Posted on Wednesday May 28, 2014
Mā wai e ranga o tātau mate e hingahinga nei i te wā o Matariki?
E rere ai te wai o ngā kamo kore mutunga
Ko koutou ngā Māreikura, ngā Piki Kōtuku
Whakarehu atu rā ki tawhiti nui, tawhiti roa, tawhiti pāmamao.
Every year, approximately 300 senior Māori performing artists pack their bags with their most precious adornments and make the journey from around the country to Te Papa for the annual New Zealand Post Kaumātua Kapa Haka. If you have never seen or heard of this event before, you are missing out on something truly special!
The event is an opportunity for senior kapa haka performers (aged 55 and over) to share their skills and knowledge of Māori performing arts with a multitude of family, friends, colleagues and general public at Te Papa in celebration of Matariki, the Māori New Year.
In partnership with He Kura Te Tangata, a national trust formed for the continuation of Māori Performing Arts for Kaumātua, and New Zealand Post, Te Papa is once again looking forward to hosting this fabulous event as part of the Matariki Festival.
This year, Māori Television is also supporting the event by streaming performances live online so they can be viewed anywhere in the world with web access, enabling expatriates from Aotearoa to watch their loved ones ‘strut their stuff’ on stage.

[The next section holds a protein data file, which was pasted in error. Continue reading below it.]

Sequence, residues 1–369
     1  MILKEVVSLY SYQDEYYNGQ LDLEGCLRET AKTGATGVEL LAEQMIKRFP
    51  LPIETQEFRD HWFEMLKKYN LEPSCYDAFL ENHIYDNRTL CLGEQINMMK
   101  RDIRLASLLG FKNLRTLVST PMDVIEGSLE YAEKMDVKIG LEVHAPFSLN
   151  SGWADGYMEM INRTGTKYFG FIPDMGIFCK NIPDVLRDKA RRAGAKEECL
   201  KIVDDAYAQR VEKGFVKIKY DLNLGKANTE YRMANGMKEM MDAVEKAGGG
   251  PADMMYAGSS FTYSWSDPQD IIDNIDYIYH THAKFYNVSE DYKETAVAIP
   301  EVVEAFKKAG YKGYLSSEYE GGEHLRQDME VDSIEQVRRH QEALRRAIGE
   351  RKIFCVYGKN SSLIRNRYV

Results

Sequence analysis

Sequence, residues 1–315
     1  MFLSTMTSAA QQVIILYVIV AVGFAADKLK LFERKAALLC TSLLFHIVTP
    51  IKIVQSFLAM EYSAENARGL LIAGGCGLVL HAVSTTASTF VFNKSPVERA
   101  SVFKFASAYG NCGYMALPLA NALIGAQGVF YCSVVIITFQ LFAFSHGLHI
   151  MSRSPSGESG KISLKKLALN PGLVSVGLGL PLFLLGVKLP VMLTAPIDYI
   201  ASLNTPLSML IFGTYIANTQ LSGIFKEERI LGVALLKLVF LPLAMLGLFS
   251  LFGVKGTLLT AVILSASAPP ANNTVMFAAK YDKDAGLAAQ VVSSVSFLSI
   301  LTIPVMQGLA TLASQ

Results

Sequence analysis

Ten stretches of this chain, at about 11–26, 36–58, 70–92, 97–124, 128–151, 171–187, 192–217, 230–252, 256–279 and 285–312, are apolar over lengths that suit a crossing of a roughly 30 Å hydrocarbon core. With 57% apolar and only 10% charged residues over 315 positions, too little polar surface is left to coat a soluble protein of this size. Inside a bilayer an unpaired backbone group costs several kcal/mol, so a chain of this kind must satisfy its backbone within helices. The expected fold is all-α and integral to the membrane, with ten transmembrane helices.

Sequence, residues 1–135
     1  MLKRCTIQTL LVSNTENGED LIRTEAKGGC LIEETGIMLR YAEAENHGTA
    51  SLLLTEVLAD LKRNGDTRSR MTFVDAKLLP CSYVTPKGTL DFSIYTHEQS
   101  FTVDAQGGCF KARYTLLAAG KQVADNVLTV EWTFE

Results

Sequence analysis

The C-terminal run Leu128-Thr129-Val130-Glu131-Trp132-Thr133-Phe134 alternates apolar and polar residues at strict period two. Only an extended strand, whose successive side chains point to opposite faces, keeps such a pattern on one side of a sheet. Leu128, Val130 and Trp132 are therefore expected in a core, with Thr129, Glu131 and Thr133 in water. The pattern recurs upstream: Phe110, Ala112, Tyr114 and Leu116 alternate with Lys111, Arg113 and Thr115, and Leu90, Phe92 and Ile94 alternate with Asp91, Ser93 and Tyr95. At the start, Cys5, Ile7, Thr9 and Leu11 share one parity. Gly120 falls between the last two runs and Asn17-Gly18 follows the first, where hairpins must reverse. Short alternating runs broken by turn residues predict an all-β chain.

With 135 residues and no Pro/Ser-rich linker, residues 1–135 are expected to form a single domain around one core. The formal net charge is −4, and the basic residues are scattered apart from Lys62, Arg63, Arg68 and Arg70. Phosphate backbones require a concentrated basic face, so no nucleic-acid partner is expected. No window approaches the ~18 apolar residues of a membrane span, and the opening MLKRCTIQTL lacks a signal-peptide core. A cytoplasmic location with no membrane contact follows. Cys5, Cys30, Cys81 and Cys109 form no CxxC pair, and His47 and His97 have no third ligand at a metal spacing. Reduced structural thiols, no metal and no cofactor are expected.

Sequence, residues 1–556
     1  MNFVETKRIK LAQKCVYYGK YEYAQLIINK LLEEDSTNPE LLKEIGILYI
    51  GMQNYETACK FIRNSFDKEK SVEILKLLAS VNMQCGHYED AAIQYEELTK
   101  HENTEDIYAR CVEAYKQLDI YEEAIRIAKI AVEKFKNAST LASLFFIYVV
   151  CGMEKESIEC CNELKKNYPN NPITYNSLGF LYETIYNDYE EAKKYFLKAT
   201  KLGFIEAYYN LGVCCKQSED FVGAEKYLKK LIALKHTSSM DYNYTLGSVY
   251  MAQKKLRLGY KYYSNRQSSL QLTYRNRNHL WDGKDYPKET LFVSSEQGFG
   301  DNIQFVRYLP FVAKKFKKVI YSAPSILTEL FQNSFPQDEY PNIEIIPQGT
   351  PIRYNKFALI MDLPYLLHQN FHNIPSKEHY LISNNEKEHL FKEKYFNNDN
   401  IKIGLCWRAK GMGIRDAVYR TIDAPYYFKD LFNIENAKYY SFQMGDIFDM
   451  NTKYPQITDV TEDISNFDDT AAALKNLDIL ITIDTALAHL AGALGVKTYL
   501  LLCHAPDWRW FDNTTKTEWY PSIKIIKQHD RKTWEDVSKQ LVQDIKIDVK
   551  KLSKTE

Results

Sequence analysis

The kaumātua who participate in this event pay tribute to prolific 20th century composers such as Sir Apirana Ngata, Kohine Ponika and Kingi Tahiwi and their well-known songs, providing a living link between those who have gone before us and the generations of today.
The theme for this year’s Matariki Festival at Te Papa is kaitiakitanga or guardianship, which is fitting for this occasion as kaumātua are considered the guardians and sharers of knowledge, skills, stories and tikanga (protocols) handed down by their ancestors. We, in turn, have a responsibility to care for them as important people in our lives.
The New Zealand Post Kaumātua Kapa Haka is a wonderful opportunity to celebrate Māori elders and performing arts and is a great way to wrap up the Matariki Festival at Te Papa.
The New Zealand Post Kaumātua Kapa Haka will be held on Saturday 28 and Sunday 29 June, 9.00am to 4.00pm in Soundings Theatre, Level 2, Te Papa. Free entry.
The star cluster Matariki (also known as the Pleiades) appears in the dawn sky above Aotearoa New Zealand in late May or early June. The new moon following the rising of Matariki signals the Māori New Year.
The significant time of Matariki is becoming more and more widely acknowledged throughout Aotearoa and has been revived as a celebration of people, culture, language, spirituality and history, while maintaining its customary importance. It is a time for whānau and friends to come together to reflect on the past 12 months, acknowledge those who have departed and look towards the year ahead.
Matariki Wellington, 1 June – 26 July 2014
For full details of this region-wide festival, check for details here or phone the Friends office (04) 381 7051 for a brochure to be posted to you.